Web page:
Caruci Bere: One night you should definitely go to this restaurant. I think the dance show and the music are going on some specific days. It’s a very popular place.


 Bordello Night Club: With live music and shows, a night of fun awaits you. We listened to pop & rock music from a very talented band.

 Herastrau Park – in the park there is a museum of where all authentic Romanian houses are gathered.


 Victory Road (Cale Vittoriei) – One of the oldest avenues. The old palace in the Boulevard carries the signature of an exceptional Romanian architect. A boulevard that links famous Old Town with the city and hosts famous brands.


 Revolution Square – The Spark newspaper building, where Cavusescu was being heard for the last time by the uprising people, is also called the Political Building. There used to be a giant Lenin sculpture in the spot of the current Wings statue in the square. The Hilton hotel, located in the same square, also has an important history in the city. At World War II, it was known as Athena Palace and in it, a New Yorker Jewish journalist and a German officer in Bucharest were told in a forbidden love story. As the hotel was under revision during the Communist regime, they say that the building of the current hotel is more ugly than the old one in terms of aesthetic.


 Our guide tells us the periods when Cavusescu was overthrown and the communist regime ended.


 “It all started after the great earthquake of 1977. Cavusescu is implementing a serious austerity policy in the first place to pay off debts from outside. On the one hand, he’s trying to revive the country with giant projects, on the other hand, the people are tightening their belts to pay foreign debts. Even basic freedoms are constantly limited. A period in which everyone is kept under control. The winter of 1989 is very cold. The people who can’t get enough heat and households lacking food are rising. Numbers are pronounced differently in suppression interventions, but more than 100 people lose their lives as a consequence. Cavusescu decides to make a speech to calm the people. Outside, the angry crowd does not calm down and things go crazy. Cavusescu and his wife Elena escape from the roof of the building with a helicopter, but what he does not expect is the army turning its back on him. That day is December 21st. They take him to a village 40 km further from Bucharest and in a few days, they are executed by bullets on Christmas Day.”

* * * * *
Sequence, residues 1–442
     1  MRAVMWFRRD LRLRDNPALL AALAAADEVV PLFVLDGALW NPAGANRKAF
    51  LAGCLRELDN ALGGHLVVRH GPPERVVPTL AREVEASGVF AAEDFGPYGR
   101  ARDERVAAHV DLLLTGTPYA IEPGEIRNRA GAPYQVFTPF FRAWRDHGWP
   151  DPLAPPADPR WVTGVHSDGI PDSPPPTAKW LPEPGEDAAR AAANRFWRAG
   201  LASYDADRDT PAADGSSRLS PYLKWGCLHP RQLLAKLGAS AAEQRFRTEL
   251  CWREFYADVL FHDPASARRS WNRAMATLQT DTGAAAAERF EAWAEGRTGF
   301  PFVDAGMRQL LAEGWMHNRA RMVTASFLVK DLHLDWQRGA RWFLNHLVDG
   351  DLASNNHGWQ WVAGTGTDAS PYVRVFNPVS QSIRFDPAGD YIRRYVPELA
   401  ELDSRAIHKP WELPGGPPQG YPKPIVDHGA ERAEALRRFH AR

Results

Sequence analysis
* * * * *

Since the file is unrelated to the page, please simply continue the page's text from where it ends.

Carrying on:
Romanians are a religious society. They are sad because they are executed like this, especially on Christmas Day. They are almost 100% sure that the intervention is outsourced.


 Parliament Building: You need to book in advance and have your passport with you. The Romanians have mixed feelings towards this building. On the one hand, they are boasting that after Pentagon, it is the world’s largest administrative building, all the materials, workmanship is 100% Roman, it has been constructed with local resources; on the other hand, they remember with grim sadness that over 30,000 small buildings were demolished during the construction of the Parliament building, especially churches, hospitals, synagogues, etc. belonging to the monarchy period. Under the Monarchy regime for about 70-80 years, they were ruled by a prince of Germany. surprisingly, it’s the period they were most proud of.


 The building was built by young Romanian architects in the leadership of a young female architect who is 27 years old and claimed to be the nephew of the Elena Cavusescu. The building includes in-charge administrative and judicial units like Supreme Court, Senate, etc.


 It is said that Cavusescu planned this building after visiting North Korea, with the inspiration of collecting all the administrative units in the country in a single complex. The building, which was started to be built in 1984, is reported to have not been completed, although in 1989  Nikola Cavusescu  said it was finished.


 The discussions about the building never end. Halls for conferences, congresses and meetings are being rented to reduce costs. A few years ago, Trump gave € 2 billion as he wanted to buy the building, but it wasn’t sold to him, again according to the rumors.


 The building itself does not mean anything on its own, but the period, the people and the stories make the building different and special. It was also nice to see Bucharest from the large hall balcony and the upper terrace with wide angle. On the inside walls of the building you can also see the paintings of Balasca, who has the unfortunate misfortune of being remembered as the painter of Cavusescu. I think his paintings are impressive. The painter was known for his intense use of blue color.


 That’s all that’s left of me after a 3 day trip to Bucharest. There is so much to do, a lot to go around if we treat the country as a whole. I’ve never been to Transylvania or Dracula if you pay attention. As a result, do not leave this country, which has long historical ties with us and is located right under our nose, out of your travel plans.